This is my homily for 21 March 2010, 5th Sunday of Lent,. To view the readings, go to http://www.usccb.org/nab and click “March 21” in the calendar.
[__01.] Out of their hiding places will come certain types of reporters, some of them we find less than reputable, but out of their hiding places they will come if the sense even the slightest bit of impropriety.
They will pounce on their prey with their flashbulbs, lenses, and microphones. And, as we have been taught about journalism and -- even e-mail – the pen is mightier than the sword, even if your “paper” is really a computer screen and the only “ink” is in your printer.
In such a world, even the digital camera in our phones could be a lethal weapon to capture an image that could damage someone’s reputation. It’s a small world after all. And, we never know who is watching. Not good news.
[__02.] On the other hand, some would suggest that big stars and famous people just want their names highlighted and boldfaced. They care not for the breath of scandal – even the breath of scandal could breathe new life into a career. As they say in Hollywood, there is no such thing as bad publicity. But, that’s not really good news either.
[__02(a).] But, wouldn’t the scribes and Pharisees agree and Jesus himself agree that there is such thing as bad publicity – in this case – from the Gospel of John, chapter 8.
The scribes and Pharisees and Jesus would agree that things are not going well for the woman caught in adultery. (cf. John 8 : 4)
[__02(b).] The Pharisees want to make a visible example of this person, of her sins, so as to levy punishment.
They want a public confession and punishment.
And, if this were our view of confession, we would also prefer to hide from the cameras and microphones.
We would want our sins hidden from view so that we can fit into polite society, fit in with our friends and family, and have the material things that rightfully belong to us.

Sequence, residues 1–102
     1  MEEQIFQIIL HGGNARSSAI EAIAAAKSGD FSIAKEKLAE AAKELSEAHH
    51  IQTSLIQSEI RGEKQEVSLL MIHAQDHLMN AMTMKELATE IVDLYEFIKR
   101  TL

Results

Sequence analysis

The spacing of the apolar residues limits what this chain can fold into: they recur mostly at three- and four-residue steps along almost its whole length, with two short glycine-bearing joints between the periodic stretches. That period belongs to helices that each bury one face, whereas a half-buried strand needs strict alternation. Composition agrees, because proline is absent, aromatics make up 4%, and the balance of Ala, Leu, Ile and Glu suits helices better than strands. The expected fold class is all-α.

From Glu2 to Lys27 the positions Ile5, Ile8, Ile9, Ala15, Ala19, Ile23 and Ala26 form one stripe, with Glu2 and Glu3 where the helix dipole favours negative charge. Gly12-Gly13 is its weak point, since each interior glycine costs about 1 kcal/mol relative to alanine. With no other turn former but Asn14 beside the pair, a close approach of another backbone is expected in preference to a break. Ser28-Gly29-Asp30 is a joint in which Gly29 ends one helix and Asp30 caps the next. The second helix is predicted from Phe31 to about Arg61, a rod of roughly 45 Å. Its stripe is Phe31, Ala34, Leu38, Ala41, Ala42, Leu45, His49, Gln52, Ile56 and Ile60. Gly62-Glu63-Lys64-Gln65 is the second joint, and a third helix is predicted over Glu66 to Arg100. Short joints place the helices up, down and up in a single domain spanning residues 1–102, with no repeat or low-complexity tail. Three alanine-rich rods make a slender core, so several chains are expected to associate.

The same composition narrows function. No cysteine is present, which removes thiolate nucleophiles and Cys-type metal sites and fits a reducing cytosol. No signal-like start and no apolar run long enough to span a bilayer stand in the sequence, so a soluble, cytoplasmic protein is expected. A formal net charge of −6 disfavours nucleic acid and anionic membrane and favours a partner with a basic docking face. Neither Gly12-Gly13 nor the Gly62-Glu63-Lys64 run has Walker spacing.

We would want to hide our sins from the Pharisees and the scribes and their legal briefs and briefcases.
The Pharisees also want “hiding” too. They want to hide this woman away, to take her life away, to banish and exile her at the very least.
By bringing her out into the open, the Pharisees and scribes are keeping their system of law and order going.
[__04.] Visibility of sins – and sinfulness - for Jesus our Lord -- is also about law and order. But it is a law and order without attorneys and prisons. Better news.
For example, in the sacrament of confession – this sacrament of forgiveness – we are invited to bring ourselves forward into the light. But, there will be no flash photography permitted. It is between you and Christ.
In other words, to confess our sins to our priest, we do this not because we fear the “crowd ” . In other words, we do not fear that the crowd will take our lives away.
Rather, we do this because we believe that sin can take our lives away, sin can take the life out of us.
And, when we confess our sins, we admit – and we ask God to give our life back to us.
[__05.] Jesus is committed to teach us about the seriousness of our sins while also emphasizing the strength of his mercy.
The Pharisees and scribes, as prosecutors, do not agree with this defense strategy. They would suggest that repentance is only possible for those who already good and just.
But what Jesus suggests to the Pharisees and scribes and paparazzi is that –
“They that are well have no need of a physician, but they that are sick. For I came not to call the just, but sinners.” (Mark 2:17)
Jesus intercedes with his mercy for sinners, for you and for me, and just as he intercedes for the woman in the Gospel.
Jesus is also more interested in our motives and repentance than in the sins themselves. Jesus says to her, “Then, neither do I condemn you … Go and sin no more.” (John 8:11)
Jesus offers us his forgiveness and his intercession in his Passion, Death and Resurrection, so that we also might be prepared to live in freedom.
He even intercedes for us in the public square right out there where everyone can see us, so that we might live in freedom both in public and in private. That’s the Good News. [_end_]